Wednesday, April 1, 2020

From Dartmouth to deadmau5, a guide to online music courses

Posted By on Wed, Apr 1, 2020 at 1:00 AM

  • Rob Marmion /

Back in my days of working low-paying office jobs, I hit upon the idea of taking some evening music classes at the local community college. At the time, it seemed like an ideal way to get away from the tedious routines of the corporate underclass, and maybe even learn something. Soon, I was making my way through rush-hour traffic four evenings a week to attend two-hour classes in music theory and keyboard technique. Meanwhile, I got to reacquaint myself with the forgotten art of homework, showing up late for class, and falling so far behind that you can never catch up.

But that was then, and this is now. With virtually all of America under some level of quarantine, many of us have a lot more time on our hands and a lot less to fill it with.

The good news today is that, especially for those who live and breathe music, there’s a world of educational opportunities just waiting for us online. Even Ivy League universities are currently offering classes for free, and you don’t even have to come from a good family to take them. Before long, you’ll be starting every other sentence with “Back when I was studying at Harvard” (or Brown, Cornell, Dartmouth, Princeton, Yale, etc.), and people will love you for it!

Two of the easiest ways to shop for your Ivy League education is through one-stop-shop search sites like and, where you’ll find all sorts of tuition-free courses in music theory, practice and appreciation.

As you may have guessed, the more high-brow schools go heavy on classical music and opera. Harvard, for instance, has its First Night series of “modules” that range from Monteverdi’s L’Orfeo and the Birth of Opera to Igor Stravinsky’s The Rite of Spring: Modernism, Ballet, and Riots.

And while we’re on the subject of riots, you may also want to pay a virtual visit to Yale, where you can check out its Music and Social Action course. While the syllabus doesn’t specifically advocate musicians taking to the streets — something you wouldn’t want to do at the moment, anyway — it does cover several artists who, over the past century, have shown their commitment to political and social issues, as well as government initiatives like the WPA’s Federal Music Project and the various ways in which our artistic outlook can change the way we see the world.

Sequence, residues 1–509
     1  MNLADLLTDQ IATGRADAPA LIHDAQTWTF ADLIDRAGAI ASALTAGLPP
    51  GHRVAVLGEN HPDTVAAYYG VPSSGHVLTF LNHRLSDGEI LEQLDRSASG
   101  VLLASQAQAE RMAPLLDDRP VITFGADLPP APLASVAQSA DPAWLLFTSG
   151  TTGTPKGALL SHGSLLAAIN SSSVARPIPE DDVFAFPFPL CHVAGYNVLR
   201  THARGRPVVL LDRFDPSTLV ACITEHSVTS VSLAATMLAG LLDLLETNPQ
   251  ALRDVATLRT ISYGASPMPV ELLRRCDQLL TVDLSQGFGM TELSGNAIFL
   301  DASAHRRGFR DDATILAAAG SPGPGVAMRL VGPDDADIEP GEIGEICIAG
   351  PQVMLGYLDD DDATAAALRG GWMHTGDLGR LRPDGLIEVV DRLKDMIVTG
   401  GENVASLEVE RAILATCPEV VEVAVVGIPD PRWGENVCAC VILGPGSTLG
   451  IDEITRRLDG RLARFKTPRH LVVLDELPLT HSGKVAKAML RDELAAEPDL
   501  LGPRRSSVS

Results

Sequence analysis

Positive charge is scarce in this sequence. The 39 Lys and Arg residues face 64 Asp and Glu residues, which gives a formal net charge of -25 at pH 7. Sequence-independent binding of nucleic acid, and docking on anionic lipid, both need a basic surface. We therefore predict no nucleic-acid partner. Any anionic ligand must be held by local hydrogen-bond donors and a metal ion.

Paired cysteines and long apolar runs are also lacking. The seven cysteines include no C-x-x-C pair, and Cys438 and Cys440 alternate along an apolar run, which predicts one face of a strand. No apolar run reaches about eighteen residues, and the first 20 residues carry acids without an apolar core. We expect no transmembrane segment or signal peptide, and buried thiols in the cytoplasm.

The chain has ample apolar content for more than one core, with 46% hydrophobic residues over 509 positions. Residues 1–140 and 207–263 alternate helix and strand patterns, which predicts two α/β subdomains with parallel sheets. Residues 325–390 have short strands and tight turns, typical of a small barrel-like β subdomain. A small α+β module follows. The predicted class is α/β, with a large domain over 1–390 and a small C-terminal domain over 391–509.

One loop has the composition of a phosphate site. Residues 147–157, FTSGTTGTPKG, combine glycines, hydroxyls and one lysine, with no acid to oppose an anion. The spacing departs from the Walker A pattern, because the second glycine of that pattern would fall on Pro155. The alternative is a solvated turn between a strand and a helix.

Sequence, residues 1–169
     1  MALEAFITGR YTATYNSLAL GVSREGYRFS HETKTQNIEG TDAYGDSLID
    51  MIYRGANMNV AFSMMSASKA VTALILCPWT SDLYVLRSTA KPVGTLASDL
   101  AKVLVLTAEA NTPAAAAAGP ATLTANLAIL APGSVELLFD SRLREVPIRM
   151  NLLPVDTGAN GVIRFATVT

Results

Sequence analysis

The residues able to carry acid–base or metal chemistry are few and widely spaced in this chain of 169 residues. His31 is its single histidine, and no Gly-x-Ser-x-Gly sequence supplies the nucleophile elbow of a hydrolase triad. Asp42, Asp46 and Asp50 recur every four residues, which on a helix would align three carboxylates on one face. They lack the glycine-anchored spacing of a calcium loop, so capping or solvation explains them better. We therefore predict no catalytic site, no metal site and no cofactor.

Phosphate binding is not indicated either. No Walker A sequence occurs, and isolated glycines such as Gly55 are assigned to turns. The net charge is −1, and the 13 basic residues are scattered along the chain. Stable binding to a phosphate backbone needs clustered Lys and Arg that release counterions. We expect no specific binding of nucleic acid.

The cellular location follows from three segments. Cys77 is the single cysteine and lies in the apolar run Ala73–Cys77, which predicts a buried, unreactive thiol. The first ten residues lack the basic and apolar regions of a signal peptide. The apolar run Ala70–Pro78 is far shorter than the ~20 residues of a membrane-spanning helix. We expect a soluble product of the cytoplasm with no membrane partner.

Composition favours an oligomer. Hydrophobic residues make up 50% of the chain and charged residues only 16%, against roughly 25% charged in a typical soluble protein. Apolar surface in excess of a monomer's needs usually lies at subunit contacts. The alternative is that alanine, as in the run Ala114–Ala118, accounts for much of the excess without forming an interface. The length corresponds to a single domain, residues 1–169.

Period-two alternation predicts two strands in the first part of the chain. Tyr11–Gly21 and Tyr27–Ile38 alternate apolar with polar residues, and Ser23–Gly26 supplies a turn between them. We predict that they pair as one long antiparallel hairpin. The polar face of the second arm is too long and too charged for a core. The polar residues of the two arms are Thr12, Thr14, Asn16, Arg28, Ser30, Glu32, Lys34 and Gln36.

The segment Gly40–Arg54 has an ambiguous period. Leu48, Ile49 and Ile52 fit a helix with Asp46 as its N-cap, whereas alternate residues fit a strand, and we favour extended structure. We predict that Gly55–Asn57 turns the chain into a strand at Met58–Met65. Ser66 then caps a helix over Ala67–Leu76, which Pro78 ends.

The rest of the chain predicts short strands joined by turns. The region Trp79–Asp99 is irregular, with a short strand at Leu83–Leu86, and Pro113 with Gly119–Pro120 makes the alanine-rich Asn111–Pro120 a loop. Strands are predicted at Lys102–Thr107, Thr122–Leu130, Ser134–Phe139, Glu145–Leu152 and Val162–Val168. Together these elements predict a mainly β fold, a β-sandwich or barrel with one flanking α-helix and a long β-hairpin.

Also for do-gooders, there’s the University of Florida’s Healing with the Arts and the University of Melbourne’s How Music Can Change Your Life, both of which explore the values and practices of music therapy.
Meanwhile, have you ever wanted to deconstruct music through the lens of European philosophers like Pierre Bourdieu, Theodor Adorno and Jacques Attali? Of course you have! Which is why the University of the Arts The Hague offers its course in The Importance of Music and Power in Our Society. There, you’ll find classes devoted to topics like music and the state, music and subversion, affective tonality, fetish character in music, and the regression of listening.

For those who prefer more depressing subjects, West Virginia University is now offering a multi-part course called Today’s Music Industry, which includes classes on concert promotion, music publishing and record contracts.

Or maybe you actually want to make music. Many people do. To help out with that, the Berklee College of Music — whose graduates range from Levon Helm to St. Vincent — offers online students a broad spectrum of specializations that include DIY Music, Electronic Music Production, Developing Your Musicianship, and the Business of Music Production. You can also take classes taught by award-winning musicians on subjects ranging from musical improvisation to funk-rock and R&B guitar soloing.

Along the way, you’ll also find no shortage of opportunities to spend money. does offer some 250 music instruction classes, ranging from beginner to intermediate levels, that you can take for free. But for those who want to dig deeper, there are a few thousand more priced from $19.99 to $199.

Of course, if you take any of those courses — or maybe even just think about taking one — expect to find deeply discounted, limited-time-only offers showing up in your Facebook feed for the remainder of your natural-born life. (Not lying: Within hours of scrolling through their catalog to write this, Udemy sent me a sponsored Facebook ad offering 90 percent off on their $199 beginner’s piano course.)

Or you could just fall under the spell of those beautifully lit ads in which celebrity icons like Neil Gaiman, David Lynch and Steph Curry promise to tell you the secrets of success in everything there is to succeed at. Most of those come from, where musicians can seek out words of wisdom from Timbaland, Reba McEntire, Itzhak Perlman, Carlos Santana, Herbie Hancock, Christina Aguilera, Usher, Rage Against the Machine guitarist Tom Morello, composers Hans Zimmer and Danny Elfman, EDM artist deadmau5 and Armin van Buuren, with more to come.

And finally, of course, there’s an ever-growing array of musical instruction apps (Yousician, Fender Play, Simply Piano, Tunefox), live music tutors (Lessonface, LiveMusicTutor, Musika), and countless video lessons on YouTube and Vimeo.

Whatever route you take, there may be no better time than this to change the way you play, hear and think about music, and to eventually share it in the company of others.

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